BUSINESS AND MANAGEMENT STUDIES. "IT WAS one hell of an exercise," said Cary Cooper of UMIST, chairman of the business and management studies panel. "It took up a lot of academic time, but I think the whole thing was done superbly well by HEFCE. I was a panel member in 1992 and it was much better organised this time."
He admitted: "Of course we couldn't read all of the submissions - we had about 7,500 pieces of work - but all the panel members had time to sample work and were confident about giving assessments."
He feels that the grading system this year was much improved. "Last time there were far too many 3 grades, and there was a major, and unfair, gap between the upper levels of those in the 3 bracket and those in the lower level."
He also agreed with the notion of a 5-star: "We're competing globally in an international arena so it is important to single out world-class institutions. Before people laughed at British management research - they won't laugh any more."
He added: "On a personal level, I also feel that the assessment encourages a free transfer market. I believe that the work an individual does at an institution should stay with the institution, and not travel with the individual if he is head-hunted."
RAE PANEL chairmen should meet and discuss ratings to help alleviate inequitable scoring between different panels, said Ingrid Allen, consultant neuropathologist at Queen's University Belfast and chair of the clinical laboratory sciences group.
To aid this process, definition of ratings - particularly 3a and 3b - need to be much more precise in the future. Professor Allen also called for the divisions of medicine to be re-examined. Researchers in fields such as medical genetics were assessed by different panels which made across-the-board comparisons difficult.
While a single grouping for medicine could be considered for the next RAE, she said it would need to recognise the small sub-groupings that often conducted cutting-edge research.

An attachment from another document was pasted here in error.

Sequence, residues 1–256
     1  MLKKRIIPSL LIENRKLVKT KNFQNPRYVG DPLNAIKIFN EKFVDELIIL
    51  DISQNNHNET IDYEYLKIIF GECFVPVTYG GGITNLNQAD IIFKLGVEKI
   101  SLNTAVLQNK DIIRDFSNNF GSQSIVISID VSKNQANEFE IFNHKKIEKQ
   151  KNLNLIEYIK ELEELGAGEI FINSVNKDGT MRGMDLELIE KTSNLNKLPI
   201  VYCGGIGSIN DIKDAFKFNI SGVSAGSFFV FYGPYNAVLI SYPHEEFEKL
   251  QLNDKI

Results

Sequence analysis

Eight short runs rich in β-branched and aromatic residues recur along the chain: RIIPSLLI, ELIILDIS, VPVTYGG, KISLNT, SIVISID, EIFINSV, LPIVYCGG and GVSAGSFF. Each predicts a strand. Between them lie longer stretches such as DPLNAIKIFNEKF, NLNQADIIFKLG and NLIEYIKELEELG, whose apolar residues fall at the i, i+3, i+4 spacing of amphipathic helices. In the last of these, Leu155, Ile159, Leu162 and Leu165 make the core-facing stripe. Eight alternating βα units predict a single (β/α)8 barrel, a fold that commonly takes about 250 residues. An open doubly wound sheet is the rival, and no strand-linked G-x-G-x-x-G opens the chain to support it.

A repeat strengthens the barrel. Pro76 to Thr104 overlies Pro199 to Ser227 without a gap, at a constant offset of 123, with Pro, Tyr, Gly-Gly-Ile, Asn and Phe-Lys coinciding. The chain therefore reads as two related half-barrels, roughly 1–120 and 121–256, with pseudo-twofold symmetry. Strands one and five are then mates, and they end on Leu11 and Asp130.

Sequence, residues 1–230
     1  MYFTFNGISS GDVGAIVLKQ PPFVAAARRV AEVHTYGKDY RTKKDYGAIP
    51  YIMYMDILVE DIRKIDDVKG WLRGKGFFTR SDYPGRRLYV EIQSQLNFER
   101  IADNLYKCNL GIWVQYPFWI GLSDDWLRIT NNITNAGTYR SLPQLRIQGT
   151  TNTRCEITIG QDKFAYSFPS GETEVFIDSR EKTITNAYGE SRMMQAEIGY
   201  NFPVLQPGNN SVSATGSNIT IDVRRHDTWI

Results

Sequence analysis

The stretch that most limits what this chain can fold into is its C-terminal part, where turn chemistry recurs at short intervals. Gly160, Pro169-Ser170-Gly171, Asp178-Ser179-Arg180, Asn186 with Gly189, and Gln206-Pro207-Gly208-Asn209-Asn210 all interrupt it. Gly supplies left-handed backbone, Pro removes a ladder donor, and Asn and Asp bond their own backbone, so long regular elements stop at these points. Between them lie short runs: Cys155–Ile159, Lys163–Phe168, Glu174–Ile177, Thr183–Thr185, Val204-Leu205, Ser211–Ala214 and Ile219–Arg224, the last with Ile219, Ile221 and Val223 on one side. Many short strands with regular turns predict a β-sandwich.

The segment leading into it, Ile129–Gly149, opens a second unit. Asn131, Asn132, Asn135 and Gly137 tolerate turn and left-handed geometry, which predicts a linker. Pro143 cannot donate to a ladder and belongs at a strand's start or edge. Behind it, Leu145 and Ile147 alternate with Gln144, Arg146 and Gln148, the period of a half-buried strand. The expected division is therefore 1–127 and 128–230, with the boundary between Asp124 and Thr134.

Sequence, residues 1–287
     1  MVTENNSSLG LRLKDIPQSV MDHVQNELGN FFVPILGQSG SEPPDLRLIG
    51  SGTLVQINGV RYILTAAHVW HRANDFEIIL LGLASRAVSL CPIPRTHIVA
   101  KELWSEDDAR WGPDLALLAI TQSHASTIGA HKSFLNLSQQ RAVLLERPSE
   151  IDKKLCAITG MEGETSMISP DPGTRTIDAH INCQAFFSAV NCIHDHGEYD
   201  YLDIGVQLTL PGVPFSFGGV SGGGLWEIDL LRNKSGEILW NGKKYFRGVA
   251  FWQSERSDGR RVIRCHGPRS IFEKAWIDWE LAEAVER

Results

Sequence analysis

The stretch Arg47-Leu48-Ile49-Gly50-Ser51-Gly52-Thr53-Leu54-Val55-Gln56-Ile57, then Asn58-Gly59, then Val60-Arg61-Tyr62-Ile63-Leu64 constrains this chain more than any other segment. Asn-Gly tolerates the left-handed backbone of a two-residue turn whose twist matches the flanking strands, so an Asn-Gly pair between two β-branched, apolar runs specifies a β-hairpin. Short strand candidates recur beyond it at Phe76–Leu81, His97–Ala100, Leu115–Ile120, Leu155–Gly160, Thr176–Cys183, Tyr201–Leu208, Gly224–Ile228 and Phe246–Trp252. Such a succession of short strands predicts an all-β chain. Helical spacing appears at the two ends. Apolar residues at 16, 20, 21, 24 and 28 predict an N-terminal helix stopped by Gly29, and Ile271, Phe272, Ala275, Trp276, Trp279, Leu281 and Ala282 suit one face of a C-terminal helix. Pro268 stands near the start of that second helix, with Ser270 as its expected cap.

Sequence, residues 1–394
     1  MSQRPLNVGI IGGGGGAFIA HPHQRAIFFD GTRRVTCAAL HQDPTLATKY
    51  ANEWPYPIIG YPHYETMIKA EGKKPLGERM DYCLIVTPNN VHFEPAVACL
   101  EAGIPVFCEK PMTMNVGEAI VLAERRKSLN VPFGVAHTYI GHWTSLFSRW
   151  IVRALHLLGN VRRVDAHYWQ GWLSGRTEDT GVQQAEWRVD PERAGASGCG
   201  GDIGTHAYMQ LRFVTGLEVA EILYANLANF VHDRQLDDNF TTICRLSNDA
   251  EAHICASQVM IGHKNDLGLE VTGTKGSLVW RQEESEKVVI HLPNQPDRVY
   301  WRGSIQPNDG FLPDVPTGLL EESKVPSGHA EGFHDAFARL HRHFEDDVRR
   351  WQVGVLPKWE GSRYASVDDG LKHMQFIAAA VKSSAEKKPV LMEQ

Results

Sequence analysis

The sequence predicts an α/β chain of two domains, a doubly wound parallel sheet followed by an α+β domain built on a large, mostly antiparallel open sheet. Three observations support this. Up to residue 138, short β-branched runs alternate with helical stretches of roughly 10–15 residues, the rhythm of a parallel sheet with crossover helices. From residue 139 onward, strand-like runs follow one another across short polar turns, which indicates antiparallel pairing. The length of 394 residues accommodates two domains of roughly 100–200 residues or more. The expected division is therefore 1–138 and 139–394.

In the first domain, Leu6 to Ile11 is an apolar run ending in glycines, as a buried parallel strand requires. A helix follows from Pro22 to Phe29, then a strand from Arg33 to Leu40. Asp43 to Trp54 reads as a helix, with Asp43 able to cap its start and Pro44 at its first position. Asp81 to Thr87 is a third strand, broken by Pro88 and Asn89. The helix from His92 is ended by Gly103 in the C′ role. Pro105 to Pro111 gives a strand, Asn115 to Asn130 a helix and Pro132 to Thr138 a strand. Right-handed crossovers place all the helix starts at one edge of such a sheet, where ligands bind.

Professor Allen chaired the same panel in the last RAE. She said that no matter how much some disliked the RAE, she was convinced it had improved both the volume and quality of research since 1992.
Universities have learned how to get the best out of the RAE by exploiting their existing research strengths, according to chemistry panel chairman Ray Baker of Merck Sharp and Dohme Research Laboratories.
Professor Baker said that standards had risen since 1992 because new universities in particular had improved research in selected areas.
The seven-point grading system made life easier for the chemistry panel. Professor Baker said he had found the previous five-point system too limiting, particularly when it came to the threes.
English language and literature
READING the heavy pile of written work submitted to the English language and literature research assessment panel was no easy task, said Martin Dodsworth, the panel chairman.
Professor Dodsworth, professor of English at Royal Holloway, the University of London, said he had reservations about the exercise: "If money for research is going to be distributed on a basis which involves discriminating against one institution or another, this is a reasonable way of doing it. But it cannot be very precise - certainly not in a subject like English."
He said the staff put forward for assessment had probably written between 6,000 and 7,000 books and articles between them and it was difficult to be sure that their research submissions were the most representative body of work.
But he said submissions this year had been more professional than in the last assessment. "The upside is that people are more focused on research," he said. "The downside is that they are focused on short-term research."
RICHARD CARD of De Montfort University, chairman of the law panel, questioned the effectiveness of the RAE in assessing a whole department's research culture.
"All staff are considered for teaching evaluations, but only certain members are put forward for research assessment - and yet the perception is that the whole department is being rated."
He is in no doubt that a transfer market exists, but argues against only assessing the research of members of staff appointed before a certain date. Such a move would simply penalise newer staff.
In his first RAE as a panel chair, Professor Card described the process as "terribly hard work" and said that his team did have difficulty obtaining some material.
He said standards were better than the 1992 exercise, partly because law departments had become more selective about which staff they submitted.
The new scale was effective, according to Professor Card, but he had reservations about the divided three ratings and the difficulty of obtaining a 5-star score. Only Oxford and Cambridge earned the top grading.
Scores for new universities rose substantially and he believed this RAE was an "important transitional period" for them.